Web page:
In wake of deadly fire, Holyoke expands alarm incentive program

It was a terrible way to start the New Year.

Three people died and nearly 50 were displaced as a fire consumed the five-story building at 106 North East Street on January 1, 2017.

106 North East Street, the day after the fire. Jack Suntrup photo

Looking for a quick way to respond, the City of Holyoke has expanded its federally funded Rental Neighborhood Improvement Program to provide financial incentive to rental property owners to include more robust fire alarm systems.

The program already provided matching grants to building owners for property improvements, according to Alicia M. Zoeller, administrator for Holyoke’s office of community development. Following a request from Mayor Alex B. Morse and the city’s Fire Department shortly after the New Years fire took place, Zoeller’s department was able to funnel $270,000 into a program specifically for fire protection systems.

“It was a matter of tweaking that program for a specific purpose,” she said.

There has been tremendous amount of pressure to improve fire safety in Holyoke’s old buildings following the New Year’s Day fire. Tenants injured while escaping the fire from the building’s third story are suing that building’s owner, his company and the property-management company that maintained the structure, according to a recent story in the Daily Hampshire Gazette.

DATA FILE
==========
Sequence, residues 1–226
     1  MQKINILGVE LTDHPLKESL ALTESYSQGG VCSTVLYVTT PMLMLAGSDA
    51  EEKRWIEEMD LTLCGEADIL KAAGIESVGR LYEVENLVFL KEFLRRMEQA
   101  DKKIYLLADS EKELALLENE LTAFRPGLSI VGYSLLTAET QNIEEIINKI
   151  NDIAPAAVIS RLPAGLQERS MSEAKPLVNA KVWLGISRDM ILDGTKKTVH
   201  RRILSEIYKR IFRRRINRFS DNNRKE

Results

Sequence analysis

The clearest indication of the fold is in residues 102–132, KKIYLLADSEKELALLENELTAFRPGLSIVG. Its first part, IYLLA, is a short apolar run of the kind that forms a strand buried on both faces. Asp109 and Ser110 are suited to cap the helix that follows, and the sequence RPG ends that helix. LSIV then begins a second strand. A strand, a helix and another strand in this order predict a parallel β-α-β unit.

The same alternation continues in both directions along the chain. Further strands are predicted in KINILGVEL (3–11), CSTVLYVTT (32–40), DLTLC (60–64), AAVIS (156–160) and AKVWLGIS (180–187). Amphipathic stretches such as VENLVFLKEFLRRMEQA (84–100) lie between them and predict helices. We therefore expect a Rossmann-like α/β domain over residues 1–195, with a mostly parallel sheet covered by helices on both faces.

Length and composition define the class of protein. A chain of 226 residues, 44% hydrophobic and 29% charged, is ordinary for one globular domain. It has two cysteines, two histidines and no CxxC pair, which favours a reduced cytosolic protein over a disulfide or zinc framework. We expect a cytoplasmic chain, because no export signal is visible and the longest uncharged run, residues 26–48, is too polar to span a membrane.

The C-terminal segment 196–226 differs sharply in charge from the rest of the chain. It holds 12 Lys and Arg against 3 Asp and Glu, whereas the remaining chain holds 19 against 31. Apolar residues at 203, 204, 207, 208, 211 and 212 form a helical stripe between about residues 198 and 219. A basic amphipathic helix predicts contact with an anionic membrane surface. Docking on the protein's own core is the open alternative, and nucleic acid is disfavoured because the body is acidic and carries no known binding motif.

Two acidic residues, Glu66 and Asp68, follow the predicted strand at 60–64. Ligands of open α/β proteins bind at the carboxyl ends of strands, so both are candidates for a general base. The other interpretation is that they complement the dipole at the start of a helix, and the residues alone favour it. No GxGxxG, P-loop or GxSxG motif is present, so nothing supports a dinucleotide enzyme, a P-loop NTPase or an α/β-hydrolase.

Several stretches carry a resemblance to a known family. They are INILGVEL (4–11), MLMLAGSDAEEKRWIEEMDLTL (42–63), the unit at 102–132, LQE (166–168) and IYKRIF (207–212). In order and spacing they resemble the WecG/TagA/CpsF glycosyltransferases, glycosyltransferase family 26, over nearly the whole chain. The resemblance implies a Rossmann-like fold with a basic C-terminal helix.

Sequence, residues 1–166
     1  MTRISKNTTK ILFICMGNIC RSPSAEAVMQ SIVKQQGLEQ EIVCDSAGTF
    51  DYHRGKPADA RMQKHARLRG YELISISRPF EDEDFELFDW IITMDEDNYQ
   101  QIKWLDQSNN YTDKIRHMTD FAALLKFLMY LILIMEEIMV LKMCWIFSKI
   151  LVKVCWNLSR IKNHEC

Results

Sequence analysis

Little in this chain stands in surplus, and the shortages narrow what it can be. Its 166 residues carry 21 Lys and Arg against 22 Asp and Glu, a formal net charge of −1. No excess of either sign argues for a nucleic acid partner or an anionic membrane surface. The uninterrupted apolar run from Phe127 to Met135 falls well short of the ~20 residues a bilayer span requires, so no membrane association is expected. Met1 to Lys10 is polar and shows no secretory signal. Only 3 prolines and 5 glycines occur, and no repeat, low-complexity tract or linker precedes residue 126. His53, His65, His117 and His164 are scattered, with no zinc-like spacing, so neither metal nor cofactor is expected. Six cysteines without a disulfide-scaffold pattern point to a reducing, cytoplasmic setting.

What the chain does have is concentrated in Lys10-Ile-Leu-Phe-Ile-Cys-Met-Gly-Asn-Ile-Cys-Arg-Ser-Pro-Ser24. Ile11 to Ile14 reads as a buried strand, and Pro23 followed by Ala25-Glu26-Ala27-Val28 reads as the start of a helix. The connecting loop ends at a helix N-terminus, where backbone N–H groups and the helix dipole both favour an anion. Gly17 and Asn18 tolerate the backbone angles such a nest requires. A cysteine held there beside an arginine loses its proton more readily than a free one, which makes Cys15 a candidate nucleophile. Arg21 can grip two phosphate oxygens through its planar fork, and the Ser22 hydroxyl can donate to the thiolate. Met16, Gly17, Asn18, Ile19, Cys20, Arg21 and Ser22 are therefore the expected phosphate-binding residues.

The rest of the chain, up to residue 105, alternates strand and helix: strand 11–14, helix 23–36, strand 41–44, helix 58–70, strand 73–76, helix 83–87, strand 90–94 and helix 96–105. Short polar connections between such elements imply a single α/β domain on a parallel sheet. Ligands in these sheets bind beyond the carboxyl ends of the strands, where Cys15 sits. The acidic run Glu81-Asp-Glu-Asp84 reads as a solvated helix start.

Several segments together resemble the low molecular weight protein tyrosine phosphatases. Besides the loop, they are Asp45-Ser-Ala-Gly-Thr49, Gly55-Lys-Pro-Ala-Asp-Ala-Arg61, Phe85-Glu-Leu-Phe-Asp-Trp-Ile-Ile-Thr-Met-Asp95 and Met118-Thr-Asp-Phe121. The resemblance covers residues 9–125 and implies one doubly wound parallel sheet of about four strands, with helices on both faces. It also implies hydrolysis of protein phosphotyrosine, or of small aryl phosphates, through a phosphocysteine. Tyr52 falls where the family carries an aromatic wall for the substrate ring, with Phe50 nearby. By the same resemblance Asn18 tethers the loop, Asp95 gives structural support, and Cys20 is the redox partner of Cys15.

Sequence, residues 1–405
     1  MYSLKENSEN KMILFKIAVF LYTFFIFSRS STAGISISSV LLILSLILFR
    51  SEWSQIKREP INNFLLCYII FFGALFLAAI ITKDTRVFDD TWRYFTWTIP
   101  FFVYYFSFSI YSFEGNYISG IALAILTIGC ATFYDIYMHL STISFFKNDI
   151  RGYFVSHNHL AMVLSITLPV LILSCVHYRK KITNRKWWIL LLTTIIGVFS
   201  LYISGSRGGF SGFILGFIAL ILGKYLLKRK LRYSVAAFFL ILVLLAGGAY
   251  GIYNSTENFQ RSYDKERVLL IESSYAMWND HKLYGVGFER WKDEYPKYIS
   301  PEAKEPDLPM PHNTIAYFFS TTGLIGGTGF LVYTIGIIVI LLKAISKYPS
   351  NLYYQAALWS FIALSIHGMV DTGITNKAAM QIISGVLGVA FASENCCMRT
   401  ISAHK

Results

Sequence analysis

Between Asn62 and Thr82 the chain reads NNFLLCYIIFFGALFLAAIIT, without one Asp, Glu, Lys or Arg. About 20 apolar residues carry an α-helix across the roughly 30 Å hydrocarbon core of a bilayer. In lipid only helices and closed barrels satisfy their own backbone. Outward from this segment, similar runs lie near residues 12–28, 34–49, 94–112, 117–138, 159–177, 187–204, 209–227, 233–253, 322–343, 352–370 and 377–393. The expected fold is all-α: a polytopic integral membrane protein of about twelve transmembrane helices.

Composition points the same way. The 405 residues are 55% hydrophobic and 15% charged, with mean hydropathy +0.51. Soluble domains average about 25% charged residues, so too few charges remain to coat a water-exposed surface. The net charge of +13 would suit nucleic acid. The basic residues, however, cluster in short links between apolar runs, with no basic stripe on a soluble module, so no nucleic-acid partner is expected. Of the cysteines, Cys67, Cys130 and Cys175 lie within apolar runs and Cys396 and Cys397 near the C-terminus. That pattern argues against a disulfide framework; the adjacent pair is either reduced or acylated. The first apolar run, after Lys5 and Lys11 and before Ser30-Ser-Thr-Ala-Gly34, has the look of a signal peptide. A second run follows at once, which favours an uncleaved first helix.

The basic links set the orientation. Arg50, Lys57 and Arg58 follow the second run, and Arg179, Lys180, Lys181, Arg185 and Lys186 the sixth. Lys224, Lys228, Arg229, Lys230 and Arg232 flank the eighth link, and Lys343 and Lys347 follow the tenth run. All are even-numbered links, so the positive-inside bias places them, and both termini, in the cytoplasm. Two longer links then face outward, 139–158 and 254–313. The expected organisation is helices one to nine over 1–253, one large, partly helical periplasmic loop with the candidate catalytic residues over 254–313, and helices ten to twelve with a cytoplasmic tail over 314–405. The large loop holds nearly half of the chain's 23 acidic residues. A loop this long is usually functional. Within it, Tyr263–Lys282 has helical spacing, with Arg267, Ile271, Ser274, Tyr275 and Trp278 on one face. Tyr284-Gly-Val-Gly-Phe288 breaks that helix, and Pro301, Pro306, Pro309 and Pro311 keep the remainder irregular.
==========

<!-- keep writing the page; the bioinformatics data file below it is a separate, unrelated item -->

The plaintiffs are Briana Serrano and her boyfriend Eric Albarran. Serrano injured her spine jumping from her window while Albarran suffered second and third degree burns waiting to be rescued by the Fire Department. Most terrifying of all was that Serrano had to drop her 2-year-old daughter Aubrey Albarran to the ground for neighbors to catch before jumping herself.

Briana Serrano,18, talks about her experience escaping the Holyoke fire with her boy friend Eric Albarran and their daughter Aubrey Albarran, 2. Daily Hampshire Gazette photo

Among other charges, the suit alleges that the property owner allowed dangerous building conditions to persist which they say led to the fire and that the building did not have an adequate fire alarm system.

The Advocate is also among the publications that has called for improved fire safety in Holyoke and beyond in an editorial that followed the New Year’s Day fire.

The program, called the Rental Property Fire Protection System Incentive Program, provides one-to-one matching grants of up to $10,000 to install or upgrade fire alarm systems or direct call boxes, which provide a direct link to the city’s Fire Department.

Sprinkler systems, which Holyoke Building Commissioner Damian Cote said would have had an impact on controlling the New Years Day fire, are not covered under the program.

Zoeller said she does not know whether the program will be expanded into a larger-reaching effort to improve fire safety in the city.

“We try to be responsive to community needs,” she said, adding that there could be an expansion “if this program is successful and a lot of people take advantage of it.”

In other words, if landlords don’t use the money and install alarm systems, the program could end without having made much progress.

Dave Eisenstadter can be reached at deisen@valleyadvocate.com.

 

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